Rosenstein pushes back against claims of stalling document requests
WASHINGTON — Deputy Attorney General Rod Rosenstein pushed back against claims that the Department of Justice is stalling congressional requests to produce documentation related to the Trump-Russia probe and the Clinton email investigation.
“I understand that some people still state concerns about the speed of the production but those concerns are mistaken,” Rosenstein told the House Judiciary Committee at a hearing on Thursday in which he was accompanied by FBI Director Christopher Wray. “Most requests have been fulfilled and other document productions are in progress for this committee and other committees.”
Rosenstein, a former U.S. attorney for the District of Maryland, subtly chastised the committee: “I have devoted almost thirty years to the service of my country. In my line of work we keep an open mind. We complete our investigations before we allege wrongdoing by anybody.”
In his opening statement, Chairman Bob Goodlatte (R-Va.) expressed frustration with the pace of document production.
“This Committee’s oversight has been hampered by both the FBI and DOJ’s lack of consistent and vigorous production of the documents we need to hold the agencies accountable,” Goodlatte said. “While this production has significantly improved recently, it has felt like pulling teeth much of the time to obtain and review relevant documents.”
House Republicans have battled DoJ for months over outstanding document requests. Republicans have threatened to hold both Rosenstein and Attorney General Jeff Sessions in contempt.
Later on Thursday the House will consider a measure that mandates compliance with House Intelligence Committee and House Oversight and Government Reform Committee subpoenas by July 6.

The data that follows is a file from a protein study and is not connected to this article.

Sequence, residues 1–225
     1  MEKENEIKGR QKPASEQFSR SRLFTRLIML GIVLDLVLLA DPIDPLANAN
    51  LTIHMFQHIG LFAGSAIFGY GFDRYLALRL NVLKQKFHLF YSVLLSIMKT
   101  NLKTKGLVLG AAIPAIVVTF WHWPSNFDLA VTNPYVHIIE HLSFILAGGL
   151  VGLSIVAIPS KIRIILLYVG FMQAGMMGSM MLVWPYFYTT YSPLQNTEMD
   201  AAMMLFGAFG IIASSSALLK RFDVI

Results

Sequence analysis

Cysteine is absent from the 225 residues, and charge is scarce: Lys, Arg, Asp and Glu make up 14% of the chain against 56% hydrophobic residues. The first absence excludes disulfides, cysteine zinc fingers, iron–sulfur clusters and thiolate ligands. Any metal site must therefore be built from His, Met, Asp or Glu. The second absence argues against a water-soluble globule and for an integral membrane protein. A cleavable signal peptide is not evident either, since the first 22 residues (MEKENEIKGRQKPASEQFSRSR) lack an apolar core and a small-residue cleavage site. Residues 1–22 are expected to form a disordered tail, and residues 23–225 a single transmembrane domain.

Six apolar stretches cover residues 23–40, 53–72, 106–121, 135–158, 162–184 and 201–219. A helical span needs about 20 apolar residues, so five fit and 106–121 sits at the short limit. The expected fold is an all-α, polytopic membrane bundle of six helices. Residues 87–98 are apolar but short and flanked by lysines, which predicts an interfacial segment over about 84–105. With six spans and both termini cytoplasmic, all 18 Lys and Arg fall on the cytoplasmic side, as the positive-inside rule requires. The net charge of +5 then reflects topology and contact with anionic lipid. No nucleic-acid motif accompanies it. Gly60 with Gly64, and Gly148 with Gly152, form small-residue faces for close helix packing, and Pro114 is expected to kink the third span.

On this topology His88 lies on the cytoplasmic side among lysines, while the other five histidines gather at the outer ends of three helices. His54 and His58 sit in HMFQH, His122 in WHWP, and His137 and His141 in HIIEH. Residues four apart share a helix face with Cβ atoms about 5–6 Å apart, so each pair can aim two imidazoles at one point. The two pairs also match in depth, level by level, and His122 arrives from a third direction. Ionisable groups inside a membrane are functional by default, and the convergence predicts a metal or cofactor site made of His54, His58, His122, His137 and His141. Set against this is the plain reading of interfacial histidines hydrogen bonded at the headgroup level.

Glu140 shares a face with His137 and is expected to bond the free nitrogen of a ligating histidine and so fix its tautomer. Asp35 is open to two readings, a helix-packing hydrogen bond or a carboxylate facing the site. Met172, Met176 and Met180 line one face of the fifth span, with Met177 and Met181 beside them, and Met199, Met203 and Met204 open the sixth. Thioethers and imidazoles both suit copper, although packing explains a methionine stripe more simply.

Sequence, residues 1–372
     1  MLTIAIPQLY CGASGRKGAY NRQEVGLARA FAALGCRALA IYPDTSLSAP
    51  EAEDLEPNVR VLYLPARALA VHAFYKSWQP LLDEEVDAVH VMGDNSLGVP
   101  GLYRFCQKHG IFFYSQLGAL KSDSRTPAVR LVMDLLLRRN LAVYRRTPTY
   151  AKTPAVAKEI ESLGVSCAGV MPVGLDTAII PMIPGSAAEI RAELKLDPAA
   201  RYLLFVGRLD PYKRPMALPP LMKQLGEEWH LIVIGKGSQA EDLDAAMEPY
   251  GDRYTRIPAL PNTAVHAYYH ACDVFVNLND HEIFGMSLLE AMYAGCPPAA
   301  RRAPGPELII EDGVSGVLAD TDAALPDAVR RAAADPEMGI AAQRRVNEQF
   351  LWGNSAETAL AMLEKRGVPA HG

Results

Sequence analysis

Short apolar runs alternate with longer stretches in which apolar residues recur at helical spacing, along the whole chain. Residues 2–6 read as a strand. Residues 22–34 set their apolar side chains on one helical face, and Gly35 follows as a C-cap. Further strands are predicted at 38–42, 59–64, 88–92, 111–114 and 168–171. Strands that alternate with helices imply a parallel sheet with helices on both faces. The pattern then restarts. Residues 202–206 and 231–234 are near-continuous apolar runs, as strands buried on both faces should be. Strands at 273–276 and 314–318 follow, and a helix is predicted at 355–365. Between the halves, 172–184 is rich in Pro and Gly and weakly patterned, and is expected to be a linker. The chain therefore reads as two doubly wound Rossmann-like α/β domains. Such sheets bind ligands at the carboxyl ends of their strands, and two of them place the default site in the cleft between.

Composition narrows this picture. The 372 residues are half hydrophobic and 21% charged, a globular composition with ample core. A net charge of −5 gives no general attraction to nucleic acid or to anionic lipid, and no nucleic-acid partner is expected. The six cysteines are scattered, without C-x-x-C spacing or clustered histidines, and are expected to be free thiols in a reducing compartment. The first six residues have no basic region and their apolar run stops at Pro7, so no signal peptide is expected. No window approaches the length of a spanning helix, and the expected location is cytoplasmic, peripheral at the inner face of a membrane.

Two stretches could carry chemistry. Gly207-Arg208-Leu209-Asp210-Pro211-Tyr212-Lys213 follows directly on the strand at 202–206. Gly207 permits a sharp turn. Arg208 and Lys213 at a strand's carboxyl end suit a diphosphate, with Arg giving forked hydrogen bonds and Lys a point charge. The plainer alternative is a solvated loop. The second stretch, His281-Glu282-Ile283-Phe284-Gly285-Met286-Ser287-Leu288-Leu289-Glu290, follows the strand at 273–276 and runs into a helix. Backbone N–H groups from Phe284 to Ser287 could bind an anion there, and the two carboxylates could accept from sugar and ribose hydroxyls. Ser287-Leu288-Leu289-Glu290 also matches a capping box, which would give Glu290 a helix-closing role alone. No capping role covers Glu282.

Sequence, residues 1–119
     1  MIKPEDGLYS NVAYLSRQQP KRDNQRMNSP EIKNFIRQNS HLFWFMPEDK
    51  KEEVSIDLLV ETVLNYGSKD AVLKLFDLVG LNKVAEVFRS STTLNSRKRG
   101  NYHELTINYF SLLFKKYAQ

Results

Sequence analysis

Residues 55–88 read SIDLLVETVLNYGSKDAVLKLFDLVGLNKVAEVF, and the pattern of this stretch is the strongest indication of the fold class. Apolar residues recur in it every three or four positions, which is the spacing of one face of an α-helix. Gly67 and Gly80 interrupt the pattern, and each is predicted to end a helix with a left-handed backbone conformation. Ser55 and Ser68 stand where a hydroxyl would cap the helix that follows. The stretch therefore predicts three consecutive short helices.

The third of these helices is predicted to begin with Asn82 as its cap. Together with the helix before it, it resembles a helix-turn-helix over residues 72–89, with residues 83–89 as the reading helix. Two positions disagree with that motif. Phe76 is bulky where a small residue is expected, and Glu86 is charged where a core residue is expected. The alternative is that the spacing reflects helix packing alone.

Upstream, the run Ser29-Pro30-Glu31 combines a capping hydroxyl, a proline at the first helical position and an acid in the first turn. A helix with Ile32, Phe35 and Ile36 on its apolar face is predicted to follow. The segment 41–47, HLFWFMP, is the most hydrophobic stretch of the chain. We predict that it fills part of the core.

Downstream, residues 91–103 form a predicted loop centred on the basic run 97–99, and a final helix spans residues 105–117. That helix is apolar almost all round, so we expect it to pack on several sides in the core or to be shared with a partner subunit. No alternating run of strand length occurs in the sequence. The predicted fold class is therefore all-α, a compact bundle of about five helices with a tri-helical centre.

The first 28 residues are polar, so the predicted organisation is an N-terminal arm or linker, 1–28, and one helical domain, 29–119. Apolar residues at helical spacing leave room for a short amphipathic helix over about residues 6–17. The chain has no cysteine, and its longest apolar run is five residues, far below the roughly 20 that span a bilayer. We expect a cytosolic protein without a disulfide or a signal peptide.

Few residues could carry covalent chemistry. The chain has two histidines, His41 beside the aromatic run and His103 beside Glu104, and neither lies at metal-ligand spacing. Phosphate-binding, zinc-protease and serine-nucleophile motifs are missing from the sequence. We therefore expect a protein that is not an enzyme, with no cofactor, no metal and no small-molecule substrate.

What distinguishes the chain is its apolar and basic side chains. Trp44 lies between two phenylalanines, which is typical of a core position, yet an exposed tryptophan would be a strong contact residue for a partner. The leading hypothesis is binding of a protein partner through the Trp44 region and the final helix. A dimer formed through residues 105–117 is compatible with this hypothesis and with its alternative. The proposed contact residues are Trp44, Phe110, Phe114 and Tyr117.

The hearing comes just one day after embattled FBI agent Peter Strzok met behind closed doors for a joint deposition of the Judiciary and Oversight committees.
Strzok and fellow agent Lisa Page exchanged text messages in which he said they would stop Donald Trump from being elected president, according to a DoJ inspector general report that was released two weeks ago.
“[Trump’s] not ever going to become president, right?” Page wrote to Sztrok on Aug. 8, 2016.
“No he won’t. We’ll stop it,” Strzok replied.
The agents, who were dating at the time although both were married, were dismissed from Special Counsel Robert S. Mueller III’s investigative team last year after it was discovered they had exchanged anti-Trump texts. Strzok was a lead investigator in the Clinton email probe.
The text messages were provided to Congress in February and have become the focus of Republican claims of political bias at the FBI and DoJ, but these latest messages were not part of that package sent to Congress. They were provided to Sessions several days before the IG report was released.
Goodlatte said in an interview with Fox News on Wednesday evening that Strzok was not cooperative during the deposition.
“His explanations for … those questions about that hateful attitude are not believable,” Goodlatte said.
Goodlatte said he has not ruled out having Strzok testify in public.
This article is republished with permission from Talk Media News
Bryan is an award-winning political journalist who has extensive experience covering Congress and Maryland state government.
His work includes coverage of the election of Donald Trump, the confirmation hearings of Supreme Court Justice Brett Kavanaugh and attorneys general William Barr and Jeff Sessions-as well as that of the Maryland General Assembly, Gov. Larry Hogan, and the COVID-19 pandemic.
Bryan has broken stories involving athletic and sexual assault scandals with the Baltimore Post-Examiner.
His original UMBC investigation gained international attention, was featured in People Magazine and he was interviewed by ABC’s “Good Morning America” and local radio stations. Bryan broke subsequent stories documenting UMBC’s omission of a sexual assault on their daily crime log and a federal investigation related to the university’s handling of an alleged sexual assault.